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Publication numberUS5632474 A
Publication typeGrant
Application numberUS 08/539,157
Publication dateMay 27, 1997
Filing dateOct 4, 1995
Priority dateDec 20, 1991
Fee statusPaid
Also published asDE4242292A1, DE4242292C2, US5482262
Publication number08539157, 539157, US 5632474 A, US 5632474A, US-A-5632474, US5632474 A, US5632474A
InventorsHisashi Hayakawa, Kazuki Kawashima, Norio Yamazaki, Ken Yamamoto, Satoshi Kitano
Original AssigneeNtn Corporation
Export CitationBiBTeX, EndNote, RefMan
External Links: USPTO, USPTO Assignment, Espacenet
Compact hydraulic autotensioner with return spring mounted around a sleeve
US 5632474 A
Abstract
A hydraulic autotensioner has a cylinder having a closed bottom end, a sleeve mounted in the cylinder and a plunger slidably mounted in the sleeve. The interior of the cylinder is divided into a reservoir chamber and a pressure chamber by the plunger which is formed with a passage through which the reservoir chamber and the pressure chamber communicate with each other. A check valve is provided in the passage to close the passage if the pressure of hydraulic oil in the pressure chamber increases above the pressure of hydraulic oil in the reservoir chamber. A return spring is mounted in the cylinder to bias a rod which is axially movable together with the plunger in such a direction as to protrude from an upper opening of the cylinder. The return spring is mounted in a space formed between the outer peripheral surface of the sleeve and the inner peripheral surface of the cylinder.
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Claims(3)
What is claimed is:
1. A hydraulic autotensioner comprising a return spring and a dampening means for dampening any increase in belt tension wherein said dampening means comprises a sleeve having a closed bottom end and filled with hydraulic oil, a plunger slidably mounted in said sleeve to define a reservoir chamber and a pressure chamber, said plunger being formed with a passage through which said reservoir chamber and said pressure chamber communicate with each other, and a check valve provided in said passage for closing said passage when the pressure of hydraulic oil in said pressure chamber increases above the pressure of hydraulic oil in said reservoir chambers; and said return spring is mounted in a space defined around an outer periphery of said sleeve.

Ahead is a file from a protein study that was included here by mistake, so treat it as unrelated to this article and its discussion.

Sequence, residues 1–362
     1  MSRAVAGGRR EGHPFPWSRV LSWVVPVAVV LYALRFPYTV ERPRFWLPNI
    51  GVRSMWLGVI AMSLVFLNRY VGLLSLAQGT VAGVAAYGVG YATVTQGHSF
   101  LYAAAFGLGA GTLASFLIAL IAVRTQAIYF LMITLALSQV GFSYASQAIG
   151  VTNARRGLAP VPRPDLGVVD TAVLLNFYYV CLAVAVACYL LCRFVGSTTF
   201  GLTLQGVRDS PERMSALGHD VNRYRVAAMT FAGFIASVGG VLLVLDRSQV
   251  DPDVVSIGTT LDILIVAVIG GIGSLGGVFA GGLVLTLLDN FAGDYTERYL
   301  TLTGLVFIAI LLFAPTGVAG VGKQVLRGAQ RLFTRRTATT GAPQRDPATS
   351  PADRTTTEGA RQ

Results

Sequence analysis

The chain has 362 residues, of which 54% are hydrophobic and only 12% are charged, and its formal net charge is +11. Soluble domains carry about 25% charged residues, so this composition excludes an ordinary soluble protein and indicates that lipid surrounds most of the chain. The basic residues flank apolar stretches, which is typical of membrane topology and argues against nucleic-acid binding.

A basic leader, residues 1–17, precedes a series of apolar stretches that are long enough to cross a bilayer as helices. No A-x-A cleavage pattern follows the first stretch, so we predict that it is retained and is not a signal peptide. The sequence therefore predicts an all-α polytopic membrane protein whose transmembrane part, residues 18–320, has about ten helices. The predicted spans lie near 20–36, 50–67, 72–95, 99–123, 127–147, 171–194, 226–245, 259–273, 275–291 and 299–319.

2. A hydraulic autotensioner for adjusting the tension of a belt, said hydraulic autotensioner comprising a rod mounted so as to be pushed in when the tension of the belt increases, a return spring for biasing said rod in such a direction as to decrease the tension of the belt, and damping means for damping a force acting on said rod to push said rod in, said damping means comprising a sleeve having a closed bottom and filled with hydraulic oil and a plunger slidably mounted in said sleeve to move with said rod and define a reservoir chamber and a pressure chamber, said plunger being formed with a passage through which said reservoir chamber and said pressure chamber communicate with each other, and a check valve provided in said passage for closing said passage when the pressure of hydraulic oil in said pressure chamber increases above the pressure of hydraulic oil in said reservoir chamber, said return spring being a coil spring mounted in a space defined around a side portion of said damping means.
3. A hydraulic autotensioner for adjusting the tension of a belt, said hydraulic autotensioner comprising a cylinder having a closed bottom end and filled with hydraulic oil, a sleeve mounted in said cylinder, a plunger slidably mounted in said sleeve to define a first reservoir chamber and a pressure chamber, said plunger being formed with a passage through which said first reservoir chamber and said pressure chamber communicate with each other, a check valve provided in said passage for closing said passage when the pressure of hydraulic oil in said pressure chamber increases above the pressure of hydraulic oil in said first reservoir chamber, a second reservoir chamber provided around said sleeve in which said first reservoir chamber is defined, and a return spring mounted in said second reservoir chamber.
Description

This is a continuation of application Ser. No. 08/310,994 filed Sep. 23, 1994, now U.S. Pat. No. 5,482,262 issued Jan. 9, 1996, which in turn is a continuation of application Ser. No. 07/992,202, filed Dec. 17, 1992, now abandoned.

BACKGROUND OF THE INVENTION

This invention relates to a hydraulic autotensioner for keeping constant the tension of a timing belt for use with an automotive engine.

One known hydraulic autotensioner is shown in FIG. 7. It has a body 1 comprising a cylinder 2 made of a light alloy to reduce the entire weight and a hard sleeve 3 mounted in the cylinder 2. A plunger 4 is slidably mounted in the sleeve 3. A wear ring 6 having a hole 7 that allows the passage of hydraulic oil is press-fitted on a rod 5 which is movable axially together with the plunger 4, and is held in position axially with a shoulder 8 formed on the rod 5. A return spring 9 is mounted between the wear ring 6 and the upper end of the sleeve 3 to bias the rod 5 outwardly.